Expediting spider removal

I've just returned from a three-week visit to my childhood home in the Bay Area, which was bookended by BlogHer at the beginning and my 20-year high school reunion at the end. Spending three weeks with my parents in the house I grew up brought back plenty of memories of the routines and quirks of my own childhood, one of which I would like to share with you now.

We were, and still are, a family of animal lovers. This includes insects (except mosquitos and earwigs, accursed creatures), so all house spiders get released into the backyard to go about their pest-eating little lives.

Many years ago, my father hit upon the superior tool for the job: the spider cone. Take a few sheets of newspaper, roll them into a sturdy cone-shaped funnel, fold over the pointy tip so it's closed at the bottom. (To this day, there's a spider cone lying on the floor next to my parents' front door, most likely fashioned from a newspaper from the early 80s.)

Why is it superior? First, it's long enough to reach high up the wall, where spiders like to hang out. Second, something about the darkness inside the cone makes spiders feel safe, and they literally jump inside as the cone approaches. I'm not kidding. They jump in, and then you flick the sides of the cone a couple times so they fall toward the interior of the cone, giving you plenty of time to make it to the door. Once outside, you turn the cone over, flick a few times, and out they come, probably thinking grateful thoughts in their little spider minds.

My kids think I'm a major hero each time I liberate a spider. And I don't need to explain to them why hitting is bad but violent bug-smashing is okay. And finally, I'm sure the spider appreciates change of scene.



  1. Betsy says

    great hack. I’ve been using a water-glass-and-index-card approach for a while now, for all manner of insects I don’t want to kill (ants and fruit flies get no mercy in my house, however).

    Anyway especially for houseflies and bees and wasps, they can’t ‘see’ the clear glass coming so it’s generally easy to get it over them. Slip the index card (or any similarly semi-stiff thin paper) between glass and surface, and it’s capped – no danger of spidey or his pals running out and freaking you out. To the door – flick the glass and they’re free. I may try the spider cone, though. Spiders seem to be a more common thing here in PDX.

  2. Graham says

    Despite the risk of sounding like one of those people who loses friends over misplaced commas (OK, that just happened once), I feel compelled to point out that spiders are not, in fact, insects. There, I’ve said it… and I’m sorry, but… my… demons… got… the… better… of… me…

  3. Michelle says

    How funny – I’m a Concord High alum as well (class of ’97), now living up in the foothills of the Seirra Nevada mountains, near Placerville. Grew up in Dana Estates. Funny to see the link leading to your school leading to MY school, LOL.

  4. Parent Hacks Editor says

    Graham: I stand corrected! Sticklers are welcome here — see the link to “Eats, Shoots & Leaves” in the sidebar?

    Michelle: Ha! Another former Minuteman! Looks like your reunion is coming up, too (except yours is for ten years and mine was twenty, gulp). I’ll tell you — meeting the adult versions of kids I grew up with has given me a very interesting perspective on my parenting. Fodder for another post, I think. Your website is lovely, btw.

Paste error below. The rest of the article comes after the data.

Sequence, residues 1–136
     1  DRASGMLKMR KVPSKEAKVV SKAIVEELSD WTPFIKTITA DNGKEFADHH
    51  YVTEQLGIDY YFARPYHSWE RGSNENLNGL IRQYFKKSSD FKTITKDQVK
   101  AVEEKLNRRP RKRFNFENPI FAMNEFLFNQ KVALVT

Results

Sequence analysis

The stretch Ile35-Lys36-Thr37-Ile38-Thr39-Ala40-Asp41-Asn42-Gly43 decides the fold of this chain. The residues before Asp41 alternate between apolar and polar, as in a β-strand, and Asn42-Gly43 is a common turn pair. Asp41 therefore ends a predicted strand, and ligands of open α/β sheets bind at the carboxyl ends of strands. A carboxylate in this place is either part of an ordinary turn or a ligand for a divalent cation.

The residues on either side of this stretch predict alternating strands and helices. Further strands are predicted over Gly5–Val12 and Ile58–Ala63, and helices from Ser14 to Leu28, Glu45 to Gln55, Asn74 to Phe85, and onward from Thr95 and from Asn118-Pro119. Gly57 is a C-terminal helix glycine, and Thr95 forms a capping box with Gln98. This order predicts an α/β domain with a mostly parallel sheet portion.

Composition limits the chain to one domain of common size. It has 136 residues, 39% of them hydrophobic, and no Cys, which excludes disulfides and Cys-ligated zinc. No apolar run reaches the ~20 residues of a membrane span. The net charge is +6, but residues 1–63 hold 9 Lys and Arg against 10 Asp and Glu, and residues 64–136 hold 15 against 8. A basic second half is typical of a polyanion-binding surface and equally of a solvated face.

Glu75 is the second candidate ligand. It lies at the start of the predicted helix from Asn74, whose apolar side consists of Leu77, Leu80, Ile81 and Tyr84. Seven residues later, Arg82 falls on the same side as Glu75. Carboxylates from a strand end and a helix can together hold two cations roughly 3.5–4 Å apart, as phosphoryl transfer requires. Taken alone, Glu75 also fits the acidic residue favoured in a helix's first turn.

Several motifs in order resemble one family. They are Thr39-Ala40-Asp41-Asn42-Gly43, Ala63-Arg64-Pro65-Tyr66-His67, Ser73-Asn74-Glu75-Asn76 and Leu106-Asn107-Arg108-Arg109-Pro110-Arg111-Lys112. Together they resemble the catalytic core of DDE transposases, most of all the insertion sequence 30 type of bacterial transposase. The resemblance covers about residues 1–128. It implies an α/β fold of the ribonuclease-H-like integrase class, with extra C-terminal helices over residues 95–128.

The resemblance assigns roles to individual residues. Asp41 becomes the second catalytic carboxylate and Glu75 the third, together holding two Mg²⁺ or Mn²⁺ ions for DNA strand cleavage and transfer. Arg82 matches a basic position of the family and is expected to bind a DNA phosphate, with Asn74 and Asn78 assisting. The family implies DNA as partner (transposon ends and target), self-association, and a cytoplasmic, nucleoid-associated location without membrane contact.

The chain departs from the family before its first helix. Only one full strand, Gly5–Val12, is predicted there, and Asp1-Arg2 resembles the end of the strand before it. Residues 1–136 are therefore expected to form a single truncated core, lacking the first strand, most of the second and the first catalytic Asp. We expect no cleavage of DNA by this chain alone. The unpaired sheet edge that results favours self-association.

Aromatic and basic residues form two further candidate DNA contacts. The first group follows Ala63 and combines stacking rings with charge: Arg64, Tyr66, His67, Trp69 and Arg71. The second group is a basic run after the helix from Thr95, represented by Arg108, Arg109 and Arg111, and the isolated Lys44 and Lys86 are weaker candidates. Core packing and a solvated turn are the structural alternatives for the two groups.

5. C Brannon says

    You can also buy those “bug vaccums” (often now discounted) at drug stores or via mail order.

    But we just use our regular “dustbuster” handheld portable vaccum. It does come with an extending attachment, but the suction is so good that you rarely need it.

    True, the dustbuster approach leaves you with a trickier issue of what to do about emptying the chamber, but ours is wet/vac so we can always just rinse it down the drain.

    Still, I might try the newspaper cone trick sometime–perhaps it will be just as convenient, and a bit kinder to the spiders.

    On the other hand, we’re teaching our kids that “spiders are our friends” because they EAT BUGS. By leaving most spiders alone we’ve found that they do a good job of keeping our house free of vermin–never have had a problem with cockroaches, for example.

  6. Barb says

    We usually use a jar around here, then try to remember to release them (after they’ve been thoroughly studied, of course :-D ) before they die.

    There is another tool out there that looks GREAT for catching spiders gently and allows you to release it unharmed.

    You can see it on my site, here:

    By the way, Asha (funny calling you by name, since I don’t KNOW you, but have been reading your blog for about a month now and LOVE it), did you know Rachael Ray has a show coming out soon, called, aptly, The Rachael Show. :-D Here’s the site:

    I know they’ve been looking for tips and hints and I think you’d be the perfect expert for her show. Check out the section that says “What’s your story? Talk to Rachael on the show” to find out the topics they’re looking to fill now (I see a couple that would be right up your alley) and check back ‘cuz they’re always adding more.

    Good luck and I look forward to seeing you there, as well as continuing to read your hacks. I have a few I need to send you!! :-D

  7. sophie says

    I’m so sorry, but my friend (who has a master’s degree in IPM and knows about these things) says “releasing” a house spider outdoors is still a death sentence. It’s just a slower death. Indoor and outdoor spiders are different species, and he says the indoor kinds can rarely survive outside and vice versa. His solution is to release house spiders in the garage (summer) or behind the water heater (winter).